Saturday, July 12, 2014

Genetics and Endometriosis

Is there a genetic component to endometriosis? Current research says yes, although there are other factors that come into play.

"Multifactorial or polygenic disorders, such as endometriosis, are determined by multiple genes with allelic variations. Early studies by the groups of Simpson and Lamb [2,3] suggested that endometriosis has a heritable component. Endometriosis is a common, chronic, inflammatory and estrogen-dependent gynecological disease that develops as a consequence of a combination of genetic predisposition and environmental factors."

"Endometriosis is a benign disease with high prevalence in women of reproductive age estimated between 10 and 15% and is associated with considerable morbidity. Its etiology and pathogenesis are controversial but it is believed to involve multiple genetic, environmental, immunological, angiogenic, and endocrine processes. Altered expressions of growth factors, cytokines, adhesion molecules, matrix metalloproteinases, and enzymes for estrogen synthesis and metabolism have been frequently observed in this condition. The possibility of genetic basis of endometriosis is demonstrated in studies of familial disease, in which the incidence of endometriosis is higher for first-degree relatives of probands as compared to controls....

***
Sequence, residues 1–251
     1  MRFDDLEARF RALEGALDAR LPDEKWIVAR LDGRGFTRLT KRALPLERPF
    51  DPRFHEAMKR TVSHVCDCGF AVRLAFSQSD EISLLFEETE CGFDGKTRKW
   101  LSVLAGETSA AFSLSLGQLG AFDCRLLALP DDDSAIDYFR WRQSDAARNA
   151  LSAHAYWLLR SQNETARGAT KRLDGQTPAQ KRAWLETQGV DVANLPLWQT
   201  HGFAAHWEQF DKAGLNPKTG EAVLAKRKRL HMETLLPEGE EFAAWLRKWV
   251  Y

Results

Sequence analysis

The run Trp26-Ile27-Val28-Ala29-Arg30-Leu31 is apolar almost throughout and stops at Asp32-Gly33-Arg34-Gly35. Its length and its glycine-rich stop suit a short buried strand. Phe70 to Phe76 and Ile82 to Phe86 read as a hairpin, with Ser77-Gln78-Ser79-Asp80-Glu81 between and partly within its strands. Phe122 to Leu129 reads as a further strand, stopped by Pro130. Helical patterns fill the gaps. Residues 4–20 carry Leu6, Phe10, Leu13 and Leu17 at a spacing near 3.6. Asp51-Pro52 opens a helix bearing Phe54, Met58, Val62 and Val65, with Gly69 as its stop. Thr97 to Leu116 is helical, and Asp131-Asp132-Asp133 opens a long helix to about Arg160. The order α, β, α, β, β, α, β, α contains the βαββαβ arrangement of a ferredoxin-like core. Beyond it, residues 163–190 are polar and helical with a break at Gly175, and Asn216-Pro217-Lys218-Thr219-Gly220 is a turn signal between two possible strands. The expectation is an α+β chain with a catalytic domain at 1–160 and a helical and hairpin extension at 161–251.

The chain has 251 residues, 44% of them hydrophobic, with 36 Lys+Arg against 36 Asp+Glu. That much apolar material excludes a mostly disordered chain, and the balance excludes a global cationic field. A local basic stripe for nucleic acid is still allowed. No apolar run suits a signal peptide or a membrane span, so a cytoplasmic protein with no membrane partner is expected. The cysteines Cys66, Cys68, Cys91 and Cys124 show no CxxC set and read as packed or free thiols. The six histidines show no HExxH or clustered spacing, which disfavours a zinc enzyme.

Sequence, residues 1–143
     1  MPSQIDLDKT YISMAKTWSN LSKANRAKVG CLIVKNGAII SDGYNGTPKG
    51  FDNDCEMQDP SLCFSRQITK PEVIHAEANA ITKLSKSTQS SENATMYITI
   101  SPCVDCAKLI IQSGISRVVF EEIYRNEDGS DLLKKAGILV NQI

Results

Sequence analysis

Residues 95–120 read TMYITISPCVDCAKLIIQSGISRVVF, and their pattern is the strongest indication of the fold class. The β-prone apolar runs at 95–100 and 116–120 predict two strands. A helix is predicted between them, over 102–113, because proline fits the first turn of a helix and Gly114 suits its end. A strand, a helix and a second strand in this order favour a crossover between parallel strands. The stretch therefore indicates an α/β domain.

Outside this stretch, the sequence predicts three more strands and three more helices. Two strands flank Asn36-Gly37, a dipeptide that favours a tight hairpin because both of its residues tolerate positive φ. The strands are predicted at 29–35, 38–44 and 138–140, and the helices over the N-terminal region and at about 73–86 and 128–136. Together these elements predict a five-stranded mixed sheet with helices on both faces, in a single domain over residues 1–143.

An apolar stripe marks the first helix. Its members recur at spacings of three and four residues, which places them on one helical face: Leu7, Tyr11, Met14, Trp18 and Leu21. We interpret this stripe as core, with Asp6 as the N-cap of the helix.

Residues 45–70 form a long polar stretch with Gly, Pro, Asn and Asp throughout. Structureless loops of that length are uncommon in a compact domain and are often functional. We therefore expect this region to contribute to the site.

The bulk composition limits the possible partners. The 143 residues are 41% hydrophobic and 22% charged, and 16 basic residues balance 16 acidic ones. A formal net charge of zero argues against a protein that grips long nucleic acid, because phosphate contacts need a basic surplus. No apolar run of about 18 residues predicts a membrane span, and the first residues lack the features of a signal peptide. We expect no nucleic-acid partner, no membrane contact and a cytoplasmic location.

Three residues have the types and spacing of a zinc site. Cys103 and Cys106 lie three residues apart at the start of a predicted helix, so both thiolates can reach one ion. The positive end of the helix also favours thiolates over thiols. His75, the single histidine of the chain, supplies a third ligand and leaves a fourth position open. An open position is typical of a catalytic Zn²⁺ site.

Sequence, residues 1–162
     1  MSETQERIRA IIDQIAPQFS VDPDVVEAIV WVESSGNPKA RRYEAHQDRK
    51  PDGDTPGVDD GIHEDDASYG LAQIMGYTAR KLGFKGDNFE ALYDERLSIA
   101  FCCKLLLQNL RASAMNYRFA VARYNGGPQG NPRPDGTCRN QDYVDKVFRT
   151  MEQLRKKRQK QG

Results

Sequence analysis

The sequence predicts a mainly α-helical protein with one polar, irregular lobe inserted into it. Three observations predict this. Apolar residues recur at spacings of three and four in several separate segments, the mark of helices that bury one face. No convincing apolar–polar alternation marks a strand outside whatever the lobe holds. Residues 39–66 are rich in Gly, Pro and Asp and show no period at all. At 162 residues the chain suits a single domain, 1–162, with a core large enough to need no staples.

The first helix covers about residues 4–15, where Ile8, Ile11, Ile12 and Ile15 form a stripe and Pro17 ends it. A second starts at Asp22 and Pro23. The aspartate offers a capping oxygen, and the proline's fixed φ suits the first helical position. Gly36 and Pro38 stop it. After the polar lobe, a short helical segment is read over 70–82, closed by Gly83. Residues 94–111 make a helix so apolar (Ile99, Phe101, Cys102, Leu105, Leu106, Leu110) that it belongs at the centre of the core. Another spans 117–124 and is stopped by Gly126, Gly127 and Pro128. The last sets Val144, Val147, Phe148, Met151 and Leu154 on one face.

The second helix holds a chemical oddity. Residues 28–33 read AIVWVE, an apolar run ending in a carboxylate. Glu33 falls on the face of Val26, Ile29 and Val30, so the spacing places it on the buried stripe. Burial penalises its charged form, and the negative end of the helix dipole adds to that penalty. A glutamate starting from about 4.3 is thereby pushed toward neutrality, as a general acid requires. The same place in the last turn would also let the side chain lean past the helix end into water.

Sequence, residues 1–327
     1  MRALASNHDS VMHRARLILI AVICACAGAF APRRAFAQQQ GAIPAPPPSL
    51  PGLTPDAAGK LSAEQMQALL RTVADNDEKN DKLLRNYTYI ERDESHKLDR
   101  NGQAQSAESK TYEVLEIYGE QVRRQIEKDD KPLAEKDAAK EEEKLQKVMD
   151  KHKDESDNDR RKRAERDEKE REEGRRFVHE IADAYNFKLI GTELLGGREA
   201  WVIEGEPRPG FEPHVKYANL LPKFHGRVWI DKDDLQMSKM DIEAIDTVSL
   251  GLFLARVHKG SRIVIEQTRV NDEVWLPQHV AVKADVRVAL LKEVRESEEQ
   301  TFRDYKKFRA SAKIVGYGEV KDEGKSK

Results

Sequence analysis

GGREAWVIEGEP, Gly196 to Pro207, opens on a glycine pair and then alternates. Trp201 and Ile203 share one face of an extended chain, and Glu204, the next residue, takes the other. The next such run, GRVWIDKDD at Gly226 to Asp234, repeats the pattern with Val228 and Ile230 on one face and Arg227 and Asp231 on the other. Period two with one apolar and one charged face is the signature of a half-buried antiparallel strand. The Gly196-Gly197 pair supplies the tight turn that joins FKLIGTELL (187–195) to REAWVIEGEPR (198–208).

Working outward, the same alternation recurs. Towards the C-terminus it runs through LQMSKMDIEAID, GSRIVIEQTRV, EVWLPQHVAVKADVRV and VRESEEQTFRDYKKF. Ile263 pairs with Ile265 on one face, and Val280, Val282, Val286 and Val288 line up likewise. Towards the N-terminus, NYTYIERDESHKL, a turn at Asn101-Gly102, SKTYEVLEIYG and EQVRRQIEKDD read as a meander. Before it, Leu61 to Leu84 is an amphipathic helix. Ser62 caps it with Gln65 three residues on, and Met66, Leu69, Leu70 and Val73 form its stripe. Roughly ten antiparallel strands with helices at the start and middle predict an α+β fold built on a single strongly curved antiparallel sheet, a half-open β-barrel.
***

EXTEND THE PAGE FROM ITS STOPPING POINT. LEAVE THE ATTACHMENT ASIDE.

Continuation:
"This condition is considered as benign disorder, but exhibits cellular proliferation, cellular invasion, and neo angiogenesis. The glandular epithelium occasionally exhibits cytological atypia and/or hyperplasia (3) as well as DNA aneuploidy (4). The malignant potential of the endometriotic epithelial cells has been suggested in some cases considering the monoclonal methylation pattern of the HUMARA alleles and their invasive and metastatic ability in vitro (5, 6). In this context, previous studies supported the hypothesis that progression of endometriotic lesions to frank malignancy can occur although with a very rare incidence (711). However, the significance of the so-called malignant potential of endometriotic cells is controversial since monoclonal cells growth pattern was described in various benign lesions (5).